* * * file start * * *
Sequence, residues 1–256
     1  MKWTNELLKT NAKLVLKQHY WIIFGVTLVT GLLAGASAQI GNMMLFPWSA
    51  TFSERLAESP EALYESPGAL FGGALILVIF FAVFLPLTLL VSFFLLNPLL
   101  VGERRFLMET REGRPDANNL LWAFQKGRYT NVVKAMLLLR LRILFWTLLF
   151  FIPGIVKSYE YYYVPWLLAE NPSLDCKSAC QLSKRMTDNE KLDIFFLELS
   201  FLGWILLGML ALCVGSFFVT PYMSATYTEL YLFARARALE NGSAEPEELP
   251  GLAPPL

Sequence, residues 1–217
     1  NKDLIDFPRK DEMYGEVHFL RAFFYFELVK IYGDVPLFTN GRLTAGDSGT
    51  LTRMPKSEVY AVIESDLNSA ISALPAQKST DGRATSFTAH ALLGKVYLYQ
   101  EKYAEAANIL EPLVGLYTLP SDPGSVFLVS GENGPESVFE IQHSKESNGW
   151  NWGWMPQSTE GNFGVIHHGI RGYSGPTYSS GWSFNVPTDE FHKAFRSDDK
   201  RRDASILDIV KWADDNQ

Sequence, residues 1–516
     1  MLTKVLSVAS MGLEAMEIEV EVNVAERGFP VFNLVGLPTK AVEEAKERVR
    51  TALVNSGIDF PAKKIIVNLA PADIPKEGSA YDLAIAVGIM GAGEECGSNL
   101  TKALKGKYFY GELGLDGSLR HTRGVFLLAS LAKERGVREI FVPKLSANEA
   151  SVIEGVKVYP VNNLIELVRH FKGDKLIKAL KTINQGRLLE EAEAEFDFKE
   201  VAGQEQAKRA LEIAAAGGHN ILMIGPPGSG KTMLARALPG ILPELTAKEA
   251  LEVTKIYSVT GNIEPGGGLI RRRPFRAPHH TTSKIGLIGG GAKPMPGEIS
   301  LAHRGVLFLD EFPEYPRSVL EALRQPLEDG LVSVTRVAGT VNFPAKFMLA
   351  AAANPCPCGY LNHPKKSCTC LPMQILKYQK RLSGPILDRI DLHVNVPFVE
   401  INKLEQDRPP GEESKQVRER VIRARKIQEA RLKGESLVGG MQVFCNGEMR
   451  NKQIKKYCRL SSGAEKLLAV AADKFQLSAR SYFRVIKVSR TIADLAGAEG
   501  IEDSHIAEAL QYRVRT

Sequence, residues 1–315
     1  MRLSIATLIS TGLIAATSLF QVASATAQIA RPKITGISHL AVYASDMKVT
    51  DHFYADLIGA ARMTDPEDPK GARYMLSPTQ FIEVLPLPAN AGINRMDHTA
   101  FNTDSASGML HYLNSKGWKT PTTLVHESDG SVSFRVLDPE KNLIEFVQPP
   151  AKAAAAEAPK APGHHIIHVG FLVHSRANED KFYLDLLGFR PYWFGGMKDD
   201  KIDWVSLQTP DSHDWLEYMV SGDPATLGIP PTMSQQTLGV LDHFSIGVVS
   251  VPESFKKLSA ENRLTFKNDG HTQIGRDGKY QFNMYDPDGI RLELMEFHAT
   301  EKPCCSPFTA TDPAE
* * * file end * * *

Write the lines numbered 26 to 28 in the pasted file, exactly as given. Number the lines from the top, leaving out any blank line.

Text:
Sequence, residues 1–315
     1  MRLSIATLIS TGLIAATSLF QVASATAQIA RPKITGISHL AVYASDMKVT
    51  DHFYADLIGA ARMTDPEDPK GARYMLSPTQ FIEVLPLPAN AGINRMDHTA